Additionally our case exhibited cytoplasmic positivity for Ca 125, a relatively nonspecific antigen that is expressed in epithelial ovarian cancer, but it is also raised in endometriosis, inflammatory conditions, and some gastrointestinal carcinomas. Kato et al. studied a series of 78 sarcomas including two cases of rheumatoid nodules all proven to be negative for Ca 125. Rare reports describe THE expression of Ca 125 in isolated cases of rhabdomyosarcoma and desmoplastic small round blue tumor. This evidence appears to be of value for the differential diagnosis of ES from neoplasms that also exhibit loss of INI1 protein [15, 16].

Glut1, a glucose transporter protein, was positive in our case and has been reported positive in about 50% of ES but has little value in the differential diagnosis from its dermal mimics as it is also expressed in granuloma annulare and rheumatoid nodules, in benign fibrous histiocytomas and squamous cell carcinomas while it is negative in atypical fibroxanthomas and nodular fasciitis [17]. Finally, the negativity of our case for glypican-3 is a finding consistent with previous reports for this marker in distal ES. On the contrary, glypican-3 has been found positive in a significant percentage of malignant rhabdoid tumors; thus, it seems to be a useful marker, along with Ca 125, for the distinction of ES from malignant rhabdoid tumors [18].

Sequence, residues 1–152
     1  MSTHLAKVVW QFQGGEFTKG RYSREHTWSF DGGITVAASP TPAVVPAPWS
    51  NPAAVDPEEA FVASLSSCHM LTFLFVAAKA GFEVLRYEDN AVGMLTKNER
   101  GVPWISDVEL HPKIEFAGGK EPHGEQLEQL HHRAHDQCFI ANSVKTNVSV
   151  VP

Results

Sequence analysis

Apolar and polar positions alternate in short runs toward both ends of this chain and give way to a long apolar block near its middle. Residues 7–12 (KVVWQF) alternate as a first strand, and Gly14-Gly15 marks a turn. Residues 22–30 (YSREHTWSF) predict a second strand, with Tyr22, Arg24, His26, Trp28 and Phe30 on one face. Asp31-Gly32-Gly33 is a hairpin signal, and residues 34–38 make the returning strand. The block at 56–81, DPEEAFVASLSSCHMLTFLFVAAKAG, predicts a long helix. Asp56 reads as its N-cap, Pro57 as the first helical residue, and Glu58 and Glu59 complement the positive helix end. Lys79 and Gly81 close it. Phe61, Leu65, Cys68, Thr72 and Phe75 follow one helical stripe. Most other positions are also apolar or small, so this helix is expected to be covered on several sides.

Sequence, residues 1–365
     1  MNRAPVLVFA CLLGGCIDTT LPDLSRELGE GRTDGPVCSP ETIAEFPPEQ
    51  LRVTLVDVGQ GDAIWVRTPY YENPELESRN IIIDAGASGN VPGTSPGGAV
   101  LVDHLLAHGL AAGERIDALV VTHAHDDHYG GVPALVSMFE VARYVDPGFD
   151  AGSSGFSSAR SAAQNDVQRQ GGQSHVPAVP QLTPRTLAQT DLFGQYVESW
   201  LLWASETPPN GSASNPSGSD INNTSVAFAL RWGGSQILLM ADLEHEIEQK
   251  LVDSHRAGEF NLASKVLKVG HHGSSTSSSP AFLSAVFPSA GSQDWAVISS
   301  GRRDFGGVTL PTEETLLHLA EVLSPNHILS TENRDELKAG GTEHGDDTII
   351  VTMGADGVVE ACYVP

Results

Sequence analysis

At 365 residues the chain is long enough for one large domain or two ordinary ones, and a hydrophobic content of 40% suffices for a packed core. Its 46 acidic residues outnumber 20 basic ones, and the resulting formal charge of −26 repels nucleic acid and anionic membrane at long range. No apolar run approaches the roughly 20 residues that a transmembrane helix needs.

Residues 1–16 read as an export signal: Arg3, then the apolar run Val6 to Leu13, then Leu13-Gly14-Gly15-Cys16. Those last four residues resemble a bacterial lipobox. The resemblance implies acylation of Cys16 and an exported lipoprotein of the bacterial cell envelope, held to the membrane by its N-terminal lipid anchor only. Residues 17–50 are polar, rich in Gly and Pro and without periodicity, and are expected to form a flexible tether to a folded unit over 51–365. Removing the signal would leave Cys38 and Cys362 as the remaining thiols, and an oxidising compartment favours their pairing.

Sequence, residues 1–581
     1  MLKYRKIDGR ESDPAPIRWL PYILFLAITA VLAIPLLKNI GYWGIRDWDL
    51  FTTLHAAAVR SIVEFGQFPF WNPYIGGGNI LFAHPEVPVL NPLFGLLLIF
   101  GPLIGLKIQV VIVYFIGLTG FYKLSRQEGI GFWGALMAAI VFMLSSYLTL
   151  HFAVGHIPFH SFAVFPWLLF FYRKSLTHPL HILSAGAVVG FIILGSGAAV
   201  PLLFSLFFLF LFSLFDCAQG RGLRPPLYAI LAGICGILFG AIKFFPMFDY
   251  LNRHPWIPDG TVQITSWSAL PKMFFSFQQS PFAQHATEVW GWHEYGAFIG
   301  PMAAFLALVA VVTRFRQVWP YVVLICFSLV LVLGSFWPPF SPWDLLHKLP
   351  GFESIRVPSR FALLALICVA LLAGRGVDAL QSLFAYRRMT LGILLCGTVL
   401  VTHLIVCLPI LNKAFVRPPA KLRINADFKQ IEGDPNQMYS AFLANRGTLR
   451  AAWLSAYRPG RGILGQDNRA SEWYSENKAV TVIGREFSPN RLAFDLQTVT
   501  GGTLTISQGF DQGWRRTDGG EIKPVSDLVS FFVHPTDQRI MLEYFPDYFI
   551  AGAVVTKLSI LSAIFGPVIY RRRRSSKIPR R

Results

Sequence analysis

1. F. M. Enzinger, “Epitheloid sarcoma. A sarcoma simulating a granuloma or a carcinoma,” Cancer, vol. 26, no. 5, pp. 1029–1041, 1970. View at Google Scholar · View at Scopus
  2. D. R. Chase and F. M. Enzinger, “Epithelioid sarcoma. Diagnosis, prognostic indicators, and treatment,” American Journal of Surgical Pathology, vol. 9, no. 4, pp. 241–263, 1985. View at Google Scholar · View at Scopus